What's next for Holden?
Search Driven for Holden for sale
It’s been a sad week for the car industry, with the announcement of the Holden brand being retired.
There’s been a lot of talk about Holden’s past and present. But what about the future? There is still one of sorts, with 1.6 million Holdens on the road in Australasia.
The company has guaranteed aftersales support for a decade, so the Holden brand will continue to appear around service outlets, likely derived from the base of dealerships (31 in New Zealand).
In the longer term, niche models might keep a small General Motors presence in NZ and Australia.
In an official statement, Holden said: “GM intends to focus its growth strategy in Australia and NZ on the specialty vehicles business and plans to immediately work with its partner on developing these plans.”
HSV already re-engineers the Chevrolet Camaro coupe and Silverado pickup truck for right-hand drive in Melbourne. HSV’s parent company Walkinshaw Performance is also a partner in American Special Vehicles with Ateco Automotive,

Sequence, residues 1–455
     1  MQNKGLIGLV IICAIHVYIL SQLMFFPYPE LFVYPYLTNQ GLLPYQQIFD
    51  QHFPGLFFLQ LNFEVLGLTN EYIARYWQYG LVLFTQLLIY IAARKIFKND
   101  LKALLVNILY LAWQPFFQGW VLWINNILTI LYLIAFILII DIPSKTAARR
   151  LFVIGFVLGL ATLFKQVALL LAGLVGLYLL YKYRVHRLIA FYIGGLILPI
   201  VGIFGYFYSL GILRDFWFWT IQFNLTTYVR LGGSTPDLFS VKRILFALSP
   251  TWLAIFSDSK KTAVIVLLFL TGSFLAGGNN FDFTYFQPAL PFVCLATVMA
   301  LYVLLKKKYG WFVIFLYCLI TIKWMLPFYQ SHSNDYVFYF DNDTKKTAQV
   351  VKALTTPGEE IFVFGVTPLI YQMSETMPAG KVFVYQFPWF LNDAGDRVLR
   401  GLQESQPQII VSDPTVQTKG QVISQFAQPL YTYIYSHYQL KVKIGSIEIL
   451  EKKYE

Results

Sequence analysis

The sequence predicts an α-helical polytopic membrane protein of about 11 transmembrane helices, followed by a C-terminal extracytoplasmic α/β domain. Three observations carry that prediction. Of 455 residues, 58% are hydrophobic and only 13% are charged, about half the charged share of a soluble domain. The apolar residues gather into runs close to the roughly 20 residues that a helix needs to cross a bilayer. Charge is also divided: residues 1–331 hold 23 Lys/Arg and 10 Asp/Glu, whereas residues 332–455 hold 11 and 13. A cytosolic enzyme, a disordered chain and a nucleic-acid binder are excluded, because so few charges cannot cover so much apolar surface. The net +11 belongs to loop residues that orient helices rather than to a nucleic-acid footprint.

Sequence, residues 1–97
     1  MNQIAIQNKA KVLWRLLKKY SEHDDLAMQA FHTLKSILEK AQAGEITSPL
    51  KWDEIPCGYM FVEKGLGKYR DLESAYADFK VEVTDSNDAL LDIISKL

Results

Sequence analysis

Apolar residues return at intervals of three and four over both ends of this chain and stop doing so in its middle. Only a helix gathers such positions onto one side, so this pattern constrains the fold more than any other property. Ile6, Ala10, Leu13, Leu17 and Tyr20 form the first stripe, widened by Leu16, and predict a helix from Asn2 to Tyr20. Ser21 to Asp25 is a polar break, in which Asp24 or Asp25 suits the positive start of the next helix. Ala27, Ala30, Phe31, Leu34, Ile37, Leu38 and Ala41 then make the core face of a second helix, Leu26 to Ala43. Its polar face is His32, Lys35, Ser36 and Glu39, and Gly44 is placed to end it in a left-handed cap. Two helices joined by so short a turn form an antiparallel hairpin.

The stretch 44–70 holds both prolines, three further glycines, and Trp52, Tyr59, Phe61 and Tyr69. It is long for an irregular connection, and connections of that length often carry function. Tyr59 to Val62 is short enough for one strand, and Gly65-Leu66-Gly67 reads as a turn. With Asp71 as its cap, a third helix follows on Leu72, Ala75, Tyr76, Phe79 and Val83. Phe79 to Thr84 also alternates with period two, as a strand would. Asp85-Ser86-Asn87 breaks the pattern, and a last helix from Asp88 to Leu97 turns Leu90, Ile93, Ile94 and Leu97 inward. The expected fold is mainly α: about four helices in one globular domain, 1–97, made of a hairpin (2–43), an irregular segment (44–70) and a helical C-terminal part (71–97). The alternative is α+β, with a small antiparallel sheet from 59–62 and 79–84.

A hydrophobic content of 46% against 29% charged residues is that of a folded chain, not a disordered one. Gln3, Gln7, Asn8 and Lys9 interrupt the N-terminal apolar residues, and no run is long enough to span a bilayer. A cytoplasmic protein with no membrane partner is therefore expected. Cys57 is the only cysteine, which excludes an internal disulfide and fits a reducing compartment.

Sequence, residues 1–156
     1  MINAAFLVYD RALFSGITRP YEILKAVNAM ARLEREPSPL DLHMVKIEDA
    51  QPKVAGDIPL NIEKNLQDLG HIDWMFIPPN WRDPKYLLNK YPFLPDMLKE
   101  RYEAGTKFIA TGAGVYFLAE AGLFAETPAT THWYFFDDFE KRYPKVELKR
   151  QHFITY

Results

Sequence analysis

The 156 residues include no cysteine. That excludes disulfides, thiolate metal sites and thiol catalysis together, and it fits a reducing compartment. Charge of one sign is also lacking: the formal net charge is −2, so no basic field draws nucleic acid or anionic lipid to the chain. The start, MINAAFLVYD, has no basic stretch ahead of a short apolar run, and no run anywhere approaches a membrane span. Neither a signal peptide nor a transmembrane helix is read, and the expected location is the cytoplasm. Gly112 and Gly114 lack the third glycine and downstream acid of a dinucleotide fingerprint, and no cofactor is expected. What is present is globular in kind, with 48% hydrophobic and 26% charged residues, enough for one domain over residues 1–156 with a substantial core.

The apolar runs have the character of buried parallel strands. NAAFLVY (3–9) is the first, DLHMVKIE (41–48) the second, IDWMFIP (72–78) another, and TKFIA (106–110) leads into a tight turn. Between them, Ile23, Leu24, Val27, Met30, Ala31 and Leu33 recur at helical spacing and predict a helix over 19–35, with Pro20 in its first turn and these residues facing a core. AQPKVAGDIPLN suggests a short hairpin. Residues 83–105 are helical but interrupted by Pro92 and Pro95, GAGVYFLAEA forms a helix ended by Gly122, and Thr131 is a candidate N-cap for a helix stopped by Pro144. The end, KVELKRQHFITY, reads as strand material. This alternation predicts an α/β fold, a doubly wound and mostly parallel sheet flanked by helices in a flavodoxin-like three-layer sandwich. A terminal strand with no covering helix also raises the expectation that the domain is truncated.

re-manufacturing the Ram pickup truck in right-hand drive; so it knows about this stuff.
First point of GM-discussion is surely the new mid-engined Chevrolet Corvette that has already been engineered for RHD by the factory and was originally destined for Kiwi Holden showrooms. In the wake of the Holden announcement, Chevrolet told US publication Autoblog that the RHD Corvette was still green-lit thanks to other eager RHD markets like the UK and Japan.
If HSV gets involved, it opens to the door to other RHD versions of high-end GM models — GMC Yukon Denali or Hummer EV (to be revealed in May ) anyone?
“We are also saddened by GM’s recent announcement,” said HSV NZ regional manager Andrew Lamb. “[But] at this stage it’s too early to tell the full impact on HSV’s successful RHD re-engineering business.”